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World Neurosurg. 2013 Dec;80(6):900.e7-11. doi: 10.1016/j.wneu.2012.11.069. Epub 2012 Nov 28.

Gonadotroph adenoma with secondary hypersecretion of testosterone.

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  • 1Department of Neurosurgery, University of Utah, Salt Lake City, Utah, USA.



Gonadotroph pituitary adenomas are common, but the overwhelming majority are classified as nonfunctioning adenomas. Approximately one-third secrete follicle-stimulating hormone (FSH) and/or luteinizing hormone (LH), resulting in an increase in serum levels; however, the sex hormone levels are typically not elevated and the secreted gonadotropin hormones are thought to be biologically inactive. Rarely, gonadotroph adenomas induce an ovarian hyperstimulation syndrome in females. In males, an increase in the testosterone level is even rarer. The authors report the case of a male patient with a gonadotroph pituitary adenoma causing hypersecretion of testosterone and review the medical literature.


A 45-year-old man had progressive bilateral visual loss over a 4-year period. Bitemporal hemianopsia was diagnosed by an ophthalmologist, but no other symptoms were reported. Neurosurgical evaluation was otherwise normal. Magnetic resonance imaging of the brain showed a large enhancing sellar and suprasellar tumor consistent with pituitary macroadenoma. Levels of FSH, LH, α-subunit, testosterone, free testosterone, and prolactin were elevated. The patient underwent transsphenoidal resection of the pituitary tumor. Pathologic analysis confirmed the diagnosis of pituitary adenoma, and immunohistochemistry demonstrated a population of cells with cytoplasmic staining for FSH but not for LH. The postoperative hormonal profile showed normalization of FSH and low LH, testosterone, morning cortisol level, and free thyroxine. The patient was treated with levothyroxine and hydrocortisone therapy for replacement. His vision subjectively improved at a formal visual testing follow-up to monitor the degree of improvement.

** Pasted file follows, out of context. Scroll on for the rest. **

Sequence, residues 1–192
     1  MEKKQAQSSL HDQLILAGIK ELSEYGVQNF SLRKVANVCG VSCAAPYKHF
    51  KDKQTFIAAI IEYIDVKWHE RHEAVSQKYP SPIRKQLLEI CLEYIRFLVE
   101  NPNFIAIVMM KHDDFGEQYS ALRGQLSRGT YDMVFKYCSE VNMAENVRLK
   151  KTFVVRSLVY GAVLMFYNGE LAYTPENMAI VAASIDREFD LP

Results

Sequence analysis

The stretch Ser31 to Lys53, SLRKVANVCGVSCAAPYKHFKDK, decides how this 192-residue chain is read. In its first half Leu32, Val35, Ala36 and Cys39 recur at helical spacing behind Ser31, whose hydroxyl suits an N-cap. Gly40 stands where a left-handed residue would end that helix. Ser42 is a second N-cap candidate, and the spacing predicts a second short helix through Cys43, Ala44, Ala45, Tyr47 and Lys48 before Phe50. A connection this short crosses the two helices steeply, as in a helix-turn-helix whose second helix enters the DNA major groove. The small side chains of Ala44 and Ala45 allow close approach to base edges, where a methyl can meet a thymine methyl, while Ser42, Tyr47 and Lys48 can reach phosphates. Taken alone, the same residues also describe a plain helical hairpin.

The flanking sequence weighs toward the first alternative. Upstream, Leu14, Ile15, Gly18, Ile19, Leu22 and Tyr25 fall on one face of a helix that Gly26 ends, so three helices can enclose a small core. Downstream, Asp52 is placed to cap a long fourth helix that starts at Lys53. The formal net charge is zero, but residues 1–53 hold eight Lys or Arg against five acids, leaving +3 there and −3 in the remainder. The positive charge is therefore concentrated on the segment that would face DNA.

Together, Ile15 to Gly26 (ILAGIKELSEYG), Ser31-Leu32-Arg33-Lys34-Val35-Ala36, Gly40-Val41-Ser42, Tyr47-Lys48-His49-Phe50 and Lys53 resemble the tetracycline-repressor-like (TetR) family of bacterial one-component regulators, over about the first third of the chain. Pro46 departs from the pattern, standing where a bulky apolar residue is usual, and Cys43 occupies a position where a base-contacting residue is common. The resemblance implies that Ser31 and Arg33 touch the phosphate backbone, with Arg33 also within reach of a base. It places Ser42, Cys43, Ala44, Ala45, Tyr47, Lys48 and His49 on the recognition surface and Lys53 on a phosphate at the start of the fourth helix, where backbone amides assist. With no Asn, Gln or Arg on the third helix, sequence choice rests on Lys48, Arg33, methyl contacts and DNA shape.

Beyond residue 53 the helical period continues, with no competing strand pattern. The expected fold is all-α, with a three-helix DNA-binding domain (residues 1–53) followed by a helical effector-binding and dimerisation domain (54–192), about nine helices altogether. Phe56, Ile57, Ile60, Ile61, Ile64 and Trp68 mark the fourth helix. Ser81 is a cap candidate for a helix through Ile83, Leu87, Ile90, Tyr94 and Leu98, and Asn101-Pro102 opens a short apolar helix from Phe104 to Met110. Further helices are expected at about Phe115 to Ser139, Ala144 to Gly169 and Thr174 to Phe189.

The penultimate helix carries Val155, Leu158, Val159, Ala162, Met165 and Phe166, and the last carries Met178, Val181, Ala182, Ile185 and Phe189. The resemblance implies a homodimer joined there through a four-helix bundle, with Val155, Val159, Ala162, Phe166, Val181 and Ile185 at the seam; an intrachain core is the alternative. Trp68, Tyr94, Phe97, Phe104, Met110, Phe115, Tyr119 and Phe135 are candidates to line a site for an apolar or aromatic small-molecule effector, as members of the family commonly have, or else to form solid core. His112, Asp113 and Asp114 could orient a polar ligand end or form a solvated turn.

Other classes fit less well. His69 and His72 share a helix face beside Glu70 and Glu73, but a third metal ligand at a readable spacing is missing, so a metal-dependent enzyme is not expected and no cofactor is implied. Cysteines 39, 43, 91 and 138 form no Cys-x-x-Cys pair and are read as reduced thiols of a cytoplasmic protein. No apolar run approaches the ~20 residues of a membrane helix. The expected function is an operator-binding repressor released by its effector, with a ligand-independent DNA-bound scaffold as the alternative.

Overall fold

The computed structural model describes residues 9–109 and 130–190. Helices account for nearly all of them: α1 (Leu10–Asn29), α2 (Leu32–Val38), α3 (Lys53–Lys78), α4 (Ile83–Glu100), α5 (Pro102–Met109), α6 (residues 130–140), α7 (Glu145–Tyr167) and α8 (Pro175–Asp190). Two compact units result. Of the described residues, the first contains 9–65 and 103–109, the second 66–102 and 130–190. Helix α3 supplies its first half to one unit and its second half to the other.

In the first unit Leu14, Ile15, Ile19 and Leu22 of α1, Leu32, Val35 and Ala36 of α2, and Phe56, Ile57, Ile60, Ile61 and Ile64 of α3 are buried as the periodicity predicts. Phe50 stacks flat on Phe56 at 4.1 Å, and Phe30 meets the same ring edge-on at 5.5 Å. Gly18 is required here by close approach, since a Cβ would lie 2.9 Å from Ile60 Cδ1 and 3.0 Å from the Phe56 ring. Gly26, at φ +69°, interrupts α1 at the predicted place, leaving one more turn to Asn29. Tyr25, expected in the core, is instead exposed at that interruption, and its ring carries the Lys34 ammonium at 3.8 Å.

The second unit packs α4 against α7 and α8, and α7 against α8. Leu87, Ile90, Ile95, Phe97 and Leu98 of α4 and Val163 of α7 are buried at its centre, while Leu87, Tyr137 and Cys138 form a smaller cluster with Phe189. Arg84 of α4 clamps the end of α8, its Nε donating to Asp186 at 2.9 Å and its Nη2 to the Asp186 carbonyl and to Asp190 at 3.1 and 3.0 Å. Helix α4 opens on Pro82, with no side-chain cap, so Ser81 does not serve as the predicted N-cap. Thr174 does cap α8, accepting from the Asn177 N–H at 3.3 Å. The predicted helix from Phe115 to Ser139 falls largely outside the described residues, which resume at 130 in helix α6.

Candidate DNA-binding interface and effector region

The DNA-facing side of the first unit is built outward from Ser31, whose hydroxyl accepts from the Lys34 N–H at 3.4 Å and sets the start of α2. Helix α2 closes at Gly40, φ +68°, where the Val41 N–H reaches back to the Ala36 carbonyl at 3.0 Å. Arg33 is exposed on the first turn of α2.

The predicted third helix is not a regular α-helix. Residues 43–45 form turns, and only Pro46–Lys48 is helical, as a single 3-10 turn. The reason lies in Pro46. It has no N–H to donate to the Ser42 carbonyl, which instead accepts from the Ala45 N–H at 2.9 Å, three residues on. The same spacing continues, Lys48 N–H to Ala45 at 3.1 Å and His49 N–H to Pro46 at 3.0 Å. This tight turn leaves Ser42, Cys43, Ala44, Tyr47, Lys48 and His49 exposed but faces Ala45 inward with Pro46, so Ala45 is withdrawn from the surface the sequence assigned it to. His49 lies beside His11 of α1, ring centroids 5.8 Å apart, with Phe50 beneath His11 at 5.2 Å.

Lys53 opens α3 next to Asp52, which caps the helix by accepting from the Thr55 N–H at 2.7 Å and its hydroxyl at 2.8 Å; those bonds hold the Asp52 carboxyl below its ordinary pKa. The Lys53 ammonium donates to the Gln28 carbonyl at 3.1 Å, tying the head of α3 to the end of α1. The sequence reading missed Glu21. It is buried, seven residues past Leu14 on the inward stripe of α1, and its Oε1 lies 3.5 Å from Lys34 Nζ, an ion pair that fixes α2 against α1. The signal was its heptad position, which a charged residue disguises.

Gonadotroph adenomas are considered a type of nonfunctioning pituitary tumors, because the commonly associated increase in serum FSH and LH does not typically result in elevated sex hormone levels. Herein, we report a rare case of high testosterone level caused by a gonadotroph adenoma successfully treated with transsphenoidal resection. Interestingly, in adult males, the increase in sex hormones does not seem to lead to a recognizable clinical syndrome, and the clinical presentation remains similar to that of nonfunctioning adenomas.

Copyright © 2013 Elsevier Inc. All rights reserved.


FSH; Follicle-stimulating hormone; Gonadotroph; Hypersecretion; LH; Luteinizing hormone; Nonfunctioning adenoma; OHSS; Ovarian hyperstimulation syndrome; Pituitary; Testosterone

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